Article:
Some aggression in body language and a cold smile on the face combined to help Bangladesh Under-19 team overcome the hurdle of India in the recent World Cup final, players told reporters on Thursday before they travelled for respective district.
Bangladesh stunned four-time winners India in the final on Sunday in South Africa’s Potchefstroom to record a three-wicket victory but not before some fiery cricket that led to fracas at the end of the match.
Members of the victorious team, who returned to hero’s welcome on Wednesday, said they had little choice but to play fire with fire after some near misses against the same opponents for both senior and junior side in the recent past.
Bangladesh national team had had several heartbreaks against India in ICC and other multi-team events and junior side also faced the same agony in a tri-nation final in England and Under-19 Asia Cup final in Sri Lanka last year.
The players were aware about India’s both quality and dominant behaviour and decided to counter it from the word goes in their maiden final in the ICC Under-19 World Cup final.
Skipper Akbar Ali was perhaps one rare exception, who had to check his emotion in a crunch situation and offer India rather a cold smile in the face of repeated sledging, which earned him big return.
‘I read somewhere smiling is the best revenge. The more they sledge us I try to laugh and give them opposite reaction,’ Akbar told reporters before leaving for his hometown Rangpur.
‘Everybody was excited but I tried to show my excitement in the field as little as possible…I try to hide my feeling in front of everybody,’ said Akbar, who scored an unbeaten 43 after Bangladesh were reduced to 85-5.
While Akbar kept his cool to lead Bangladesh to a historic win, his team-mates showed necessary aggression to unnerve India and it all began from the very second over of the match when pacer Tanjim Hasan Sakib threw a ball at Indian opener Divayaansh Saxena.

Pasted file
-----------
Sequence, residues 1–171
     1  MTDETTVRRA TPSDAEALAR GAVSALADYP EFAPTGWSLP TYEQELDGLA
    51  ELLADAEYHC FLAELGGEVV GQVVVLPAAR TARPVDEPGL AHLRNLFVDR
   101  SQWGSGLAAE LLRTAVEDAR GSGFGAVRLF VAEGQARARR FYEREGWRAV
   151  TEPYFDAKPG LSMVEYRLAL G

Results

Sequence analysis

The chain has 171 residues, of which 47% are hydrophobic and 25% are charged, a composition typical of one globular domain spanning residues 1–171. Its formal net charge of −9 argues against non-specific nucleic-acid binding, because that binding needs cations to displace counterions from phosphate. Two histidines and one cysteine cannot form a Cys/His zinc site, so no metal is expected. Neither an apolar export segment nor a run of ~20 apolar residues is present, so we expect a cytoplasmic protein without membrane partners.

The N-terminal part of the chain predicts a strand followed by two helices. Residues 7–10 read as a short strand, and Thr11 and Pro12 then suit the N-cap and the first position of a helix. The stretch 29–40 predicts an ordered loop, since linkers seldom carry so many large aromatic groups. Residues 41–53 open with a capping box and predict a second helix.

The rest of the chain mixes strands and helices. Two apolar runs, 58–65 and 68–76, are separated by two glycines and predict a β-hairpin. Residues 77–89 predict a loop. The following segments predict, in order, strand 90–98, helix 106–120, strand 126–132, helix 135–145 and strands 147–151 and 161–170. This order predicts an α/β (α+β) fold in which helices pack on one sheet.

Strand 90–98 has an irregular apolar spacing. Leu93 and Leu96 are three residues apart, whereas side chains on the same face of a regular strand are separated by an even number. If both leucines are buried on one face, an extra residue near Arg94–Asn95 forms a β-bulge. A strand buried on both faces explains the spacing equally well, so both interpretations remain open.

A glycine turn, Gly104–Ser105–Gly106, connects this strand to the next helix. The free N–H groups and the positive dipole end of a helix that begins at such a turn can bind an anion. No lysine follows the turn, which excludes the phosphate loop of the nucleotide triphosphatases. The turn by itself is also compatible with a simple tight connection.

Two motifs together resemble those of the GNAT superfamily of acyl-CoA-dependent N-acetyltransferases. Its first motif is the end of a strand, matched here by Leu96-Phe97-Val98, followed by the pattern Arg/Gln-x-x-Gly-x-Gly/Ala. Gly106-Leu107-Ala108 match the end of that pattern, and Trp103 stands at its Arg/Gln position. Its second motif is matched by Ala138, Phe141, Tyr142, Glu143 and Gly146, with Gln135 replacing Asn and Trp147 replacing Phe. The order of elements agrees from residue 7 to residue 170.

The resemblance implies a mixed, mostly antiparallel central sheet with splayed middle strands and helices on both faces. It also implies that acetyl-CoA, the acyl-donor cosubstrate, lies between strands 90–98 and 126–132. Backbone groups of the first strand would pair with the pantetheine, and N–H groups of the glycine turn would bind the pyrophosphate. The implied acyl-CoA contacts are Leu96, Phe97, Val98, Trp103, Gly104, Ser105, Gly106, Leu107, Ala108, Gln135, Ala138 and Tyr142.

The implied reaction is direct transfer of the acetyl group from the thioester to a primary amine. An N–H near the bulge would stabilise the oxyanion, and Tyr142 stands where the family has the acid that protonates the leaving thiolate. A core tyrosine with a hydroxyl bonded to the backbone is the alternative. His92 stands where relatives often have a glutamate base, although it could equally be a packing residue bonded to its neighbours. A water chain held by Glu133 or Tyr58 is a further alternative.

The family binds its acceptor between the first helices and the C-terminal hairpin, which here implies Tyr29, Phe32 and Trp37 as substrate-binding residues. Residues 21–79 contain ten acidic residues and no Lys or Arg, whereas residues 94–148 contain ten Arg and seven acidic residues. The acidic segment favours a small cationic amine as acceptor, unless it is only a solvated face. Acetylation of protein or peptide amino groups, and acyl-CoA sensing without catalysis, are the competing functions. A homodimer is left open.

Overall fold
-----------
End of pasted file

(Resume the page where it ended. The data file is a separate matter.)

Saxena, who played an anchor role in India’s 10-wicket win over Pakistan in the semi-final, played a defensive shot and was preparing to face the next ball when he noticed that the throw was coming at his direction.
He ducked to avoid getting hurt and gave a nervous look to the bowler, who did not concede any run in his first two overs and missed his third consecutive maiden overs owing to only a wide ball.
‘We lost the last two finals against India in Asia Cup and in England and we realised from those two matches that we must play an aggressive cricket against India,’ said Sakib before he travelled for his home in Sylhet’s Balaganj.
‘If we do not dominate them they will try to dominate us. Our team plan was that we will not let them dominate us from first ball and we will try to dominate them instead,’ said Sakib, who finished with 2-28.
‘The more space we gave them they will try to dominate us and this was our planning as we learnt our lesson from the last two losses,’ he said, describing Bangladesh’s strategy of playing against India looking at their eyes.
Sakib’s new-ball partner Shoriful Islam carried the same to the field. Some of his celebration, which showed him as if he was putting a demon in his pocket, also drew the attention of cricket fans.
Shoriful also could not check his adrenaline after the match and joined a scuffle that also earned him five demerit points.
‘Our team management told us to play with aggression against India and we wanted to apply that in the field. I always want to play with real aggression from my side,’ said Shoriful, already pampered by fans as Panchagar Express.
‘The celebration theme was to ask some people to shut up as it was our day,’ said Shoriful.